|| Satyameva Jayate ||

Dedicated to “Bharat” and “Dharma”

Why India must support Tibet, courtesy Acorn

Courtesy Acorn,  here is one very good reason why India must support Tibet (emphasis added):

Tibetan is the only language to preserve the entire range of the Buddha’s teachings, including the texts on logic and theories of knowledge (epistemology), which we inherited from India’s Nalanda University. This is a system of knowledge governed by reason and logic that has the potential to contribute to the peace and happiness of all beings. Therefore, the policy of undermining such a culture, instead of protecting and developing it, will in the long run amount to the destruction of humanity’s common heritage.

The above is an extract from the Dalai Lama’s speech at Dharamsala earlier this month.  As Nitin noted:

If the hardware of Nalanda was destroyed many centuries ago, the software lives on in Tibetan culture. This is an important reason for Indian society to support the preservation of Tibetan culture.

While on this, don’t miss the live chat on Arunachal, Tibet and China, this Sunday, 27th March at 930pm. Please register here. Pl note this is a text-only chat.

Related Posts:  China’s questionable claim over Tibet and Tibet – not always part of China

Image courtesy: John Hill via Wikipedia taken at Kulu, Himachal Pradesh

March 25th, 2011 Posted by | China related | 6 comments


  1. Shantanuji, How true that the software lies in Tibet, we need to accept they have maintained Dharama over a long period of time, suffering n so should we support them in their cause…

    jai hind..Vande Mataram… Time to Reclaim Bharath

    Comment by ranganaathan | March 25, 2011

  2. Yeah we should interfere in China’s internal affairs and then face the Chinese music in Kashmir.


    Comment by Indian Pundit | March 25, 2011

  3. @Ranganaathan-ji: “Time to Reclaim Bharath” – Indeed.

    @Indian Pundit: We are already facing the “Chinese music in Kashmir” (more accurately, J&K): http://www.southasiaanalysis.org/papers41/paper4036.html
    And does Karakoram Highway ring a bell? Also check

    Comment by B Shantanu | March 26, 2011

  4. Shantanu,
    The blasphemy of talking about saving any native culture usually rubs our lefty progressives (whose very idea of progress was to mass westernize everything) very wrong way.
    And if it comes to Tibet, apparently, the followers of cult of horny fat Chinese dude would be profoundly disturbed. To me, that alone conveys the significance of such discussion.

    Comment by Sid | March 26, 2011

  5. Its one more example, like Sanskrit, of destruction of heritage.
    We being commoners are at loss of being very less useful. What can be done at my level?
    How can I help such initiatives?

    Jai Bharat

    Comment by संदीप नारायण शेळके | March 26, 2011

  6. From Between the lines by Kuldip Nayar:

    …I do not know whether people on both sides are really familiar with the border dispute between India and China. When the 1962 war ended with our defeat, China unilaterally ceased fire and then indicated the ceasefire line as the possible border. But the line, despite India wanting the delineation of a firm one, was not acceptable to China. It changed its mind and declared the actual line of control as the border and advanced its troops on its own.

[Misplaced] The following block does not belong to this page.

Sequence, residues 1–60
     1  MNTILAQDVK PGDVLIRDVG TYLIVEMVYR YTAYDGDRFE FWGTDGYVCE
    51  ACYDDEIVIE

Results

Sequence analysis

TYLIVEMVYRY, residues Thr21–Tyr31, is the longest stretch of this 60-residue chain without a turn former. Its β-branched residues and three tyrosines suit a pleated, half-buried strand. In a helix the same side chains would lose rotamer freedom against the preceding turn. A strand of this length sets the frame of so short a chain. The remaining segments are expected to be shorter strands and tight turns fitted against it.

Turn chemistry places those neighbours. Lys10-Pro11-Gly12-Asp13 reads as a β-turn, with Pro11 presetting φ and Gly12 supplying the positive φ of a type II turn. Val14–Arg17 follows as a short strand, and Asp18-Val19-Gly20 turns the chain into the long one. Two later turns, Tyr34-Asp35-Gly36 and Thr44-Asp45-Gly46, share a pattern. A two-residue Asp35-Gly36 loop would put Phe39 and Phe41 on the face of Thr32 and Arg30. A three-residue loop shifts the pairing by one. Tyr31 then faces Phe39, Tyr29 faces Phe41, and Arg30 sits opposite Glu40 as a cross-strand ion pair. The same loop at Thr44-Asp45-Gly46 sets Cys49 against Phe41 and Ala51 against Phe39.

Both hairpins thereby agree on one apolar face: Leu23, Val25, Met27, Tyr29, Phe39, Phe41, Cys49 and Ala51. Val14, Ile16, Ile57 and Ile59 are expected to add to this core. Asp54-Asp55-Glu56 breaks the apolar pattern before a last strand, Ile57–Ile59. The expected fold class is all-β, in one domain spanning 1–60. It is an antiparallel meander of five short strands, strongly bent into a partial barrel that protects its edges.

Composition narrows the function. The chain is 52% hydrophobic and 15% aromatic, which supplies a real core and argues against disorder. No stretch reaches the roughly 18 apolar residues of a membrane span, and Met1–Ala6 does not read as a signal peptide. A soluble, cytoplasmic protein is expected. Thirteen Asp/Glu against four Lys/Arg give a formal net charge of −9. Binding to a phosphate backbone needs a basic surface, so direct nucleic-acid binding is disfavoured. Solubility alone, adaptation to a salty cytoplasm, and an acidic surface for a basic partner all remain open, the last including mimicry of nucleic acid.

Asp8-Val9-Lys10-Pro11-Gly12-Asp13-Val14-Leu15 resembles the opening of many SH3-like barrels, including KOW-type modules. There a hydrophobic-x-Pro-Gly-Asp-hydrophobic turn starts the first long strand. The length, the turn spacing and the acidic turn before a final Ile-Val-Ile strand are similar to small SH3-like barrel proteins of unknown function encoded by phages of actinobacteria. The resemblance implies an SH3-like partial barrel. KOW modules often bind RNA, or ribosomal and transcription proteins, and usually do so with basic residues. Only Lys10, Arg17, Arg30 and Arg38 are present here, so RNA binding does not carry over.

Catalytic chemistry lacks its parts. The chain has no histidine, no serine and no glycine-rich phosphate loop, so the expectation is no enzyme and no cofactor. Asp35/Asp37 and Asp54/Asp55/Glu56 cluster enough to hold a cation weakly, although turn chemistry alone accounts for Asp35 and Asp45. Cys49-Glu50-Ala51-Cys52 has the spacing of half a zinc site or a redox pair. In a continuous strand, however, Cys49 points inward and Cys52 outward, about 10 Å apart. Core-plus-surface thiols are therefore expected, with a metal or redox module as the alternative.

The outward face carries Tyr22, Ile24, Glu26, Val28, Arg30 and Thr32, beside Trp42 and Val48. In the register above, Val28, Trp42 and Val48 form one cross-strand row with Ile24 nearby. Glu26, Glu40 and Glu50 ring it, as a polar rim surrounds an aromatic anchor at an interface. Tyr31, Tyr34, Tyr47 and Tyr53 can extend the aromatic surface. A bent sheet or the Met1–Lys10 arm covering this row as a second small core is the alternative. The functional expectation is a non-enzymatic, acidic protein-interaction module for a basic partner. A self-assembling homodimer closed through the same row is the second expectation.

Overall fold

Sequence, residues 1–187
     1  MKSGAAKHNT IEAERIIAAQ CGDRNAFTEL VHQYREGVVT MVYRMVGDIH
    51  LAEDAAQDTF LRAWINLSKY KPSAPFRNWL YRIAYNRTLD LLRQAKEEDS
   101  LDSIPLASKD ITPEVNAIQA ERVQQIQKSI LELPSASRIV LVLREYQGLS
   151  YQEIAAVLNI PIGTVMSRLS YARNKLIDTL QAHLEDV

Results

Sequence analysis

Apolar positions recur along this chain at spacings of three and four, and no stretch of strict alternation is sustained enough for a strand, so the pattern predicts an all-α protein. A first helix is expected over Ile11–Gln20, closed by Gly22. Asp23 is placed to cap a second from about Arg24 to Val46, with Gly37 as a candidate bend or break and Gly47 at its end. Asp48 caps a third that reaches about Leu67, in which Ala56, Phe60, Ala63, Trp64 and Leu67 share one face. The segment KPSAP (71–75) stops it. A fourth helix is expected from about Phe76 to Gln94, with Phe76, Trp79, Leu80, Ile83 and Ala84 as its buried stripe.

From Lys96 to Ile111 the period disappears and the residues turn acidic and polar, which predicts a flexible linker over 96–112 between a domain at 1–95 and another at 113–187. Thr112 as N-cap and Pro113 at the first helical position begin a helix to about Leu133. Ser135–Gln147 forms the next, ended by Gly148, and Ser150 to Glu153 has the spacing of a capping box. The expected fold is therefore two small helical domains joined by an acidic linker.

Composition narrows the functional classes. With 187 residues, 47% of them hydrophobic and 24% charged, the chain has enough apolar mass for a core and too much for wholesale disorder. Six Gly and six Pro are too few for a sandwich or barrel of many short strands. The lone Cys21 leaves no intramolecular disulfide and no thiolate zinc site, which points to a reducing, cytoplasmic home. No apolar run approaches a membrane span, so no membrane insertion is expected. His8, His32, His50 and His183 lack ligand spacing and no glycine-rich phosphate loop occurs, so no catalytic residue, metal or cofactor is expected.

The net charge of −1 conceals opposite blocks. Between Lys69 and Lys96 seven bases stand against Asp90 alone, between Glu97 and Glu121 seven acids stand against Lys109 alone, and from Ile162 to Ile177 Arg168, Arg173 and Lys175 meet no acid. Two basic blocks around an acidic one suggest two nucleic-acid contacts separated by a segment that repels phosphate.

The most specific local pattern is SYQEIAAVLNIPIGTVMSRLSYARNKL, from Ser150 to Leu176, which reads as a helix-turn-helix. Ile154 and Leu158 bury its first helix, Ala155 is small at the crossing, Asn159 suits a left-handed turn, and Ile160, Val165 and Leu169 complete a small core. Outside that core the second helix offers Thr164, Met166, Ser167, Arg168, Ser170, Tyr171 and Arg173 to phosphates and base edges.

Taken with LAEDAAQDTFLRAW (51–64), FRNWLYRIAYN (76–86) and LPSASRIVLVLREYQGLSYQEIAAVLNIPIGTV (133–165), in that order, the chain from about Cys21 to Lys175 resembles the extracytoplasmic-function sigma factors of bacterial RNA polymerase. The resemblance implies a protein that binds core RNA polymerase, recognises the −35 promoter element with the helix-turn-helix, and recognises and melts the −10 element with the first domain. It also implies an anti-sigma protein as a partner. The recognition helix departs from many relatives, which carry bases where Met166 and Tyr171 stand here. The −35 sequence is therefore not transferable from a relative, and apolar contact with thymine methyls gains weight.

This line violated the traditional border both in Ladakh and in the northeast, on the Arunachal side. Even these borders were not sacrosanct for Beijing. The Colombo Plan powers intervened after the 1962 war to ask both India and China to withdraw their forces by 26.5 meters behind the lines where they stood. India withdrew accordingly. But China did not. Even the lines its forces occupy at present are haphazard and favour it all the way.
    Beijing’s intrusion (our PM prefers to call it an incident to keep tension down) at Daulat Beg Oldi sector in Ladakh is in the area that China has not allowed to be demarcated. In fact, it has treated the entire disputed area under its overall control without negotiating with New Delhi or even indicating specifically the area that belongs to it. Nor has China offered any explanation for staying in India’s territory (Despang) for 23 days and pitching tents inside India. Beijing wants to tell the world that it owes no explanation to anyone for going into its “own territory.”

    The real issue with China is Tibet. Beijing may not say so, but it links the border issue with the future of the Tibetans who have taken shelter in India in thousands under the leadership of the Dalai Lama. Beijing did raise the issue at the India and China conclaves, but kept quiet when it was told that the Dalai Lama was a religious leader, nothing more.

    Yet, one thing is clear ~ India will have to accelerate the economic growth, which is now 4.6 per cent as compared to a little over 9 per cent three years ago.

    Even if a war is ruled out, the pressure on India’s security forces will be immense. India need not treat the border as an obsession, but China has seen to it that New Delhi does so.
    This is its weakness. India should talk to China about the Tibetans who are a millstone around China’s neck. Even otherwise, the word Tibet is a bugbear for Beijing. It is too late in the day to question its authority. It is under China because of its suzerainty over Tibet. But there is a difference between suzerainty and independence. However, the issue of Tibetans’ human rights is a point that India can take up. It is strange that none in the world has taken notice of dozens of Tibetans who have burnt themselves in the name of freedom and liberation.

    The enunciation that both sides would not attack each other is somewhat like what the late Chinese Premier Chou En-Lai told Prime Minister Nehru. Beijing never kept its word. There is no assurance that it would do so in future.

    Comment by B Shantanu | May 24, 2013

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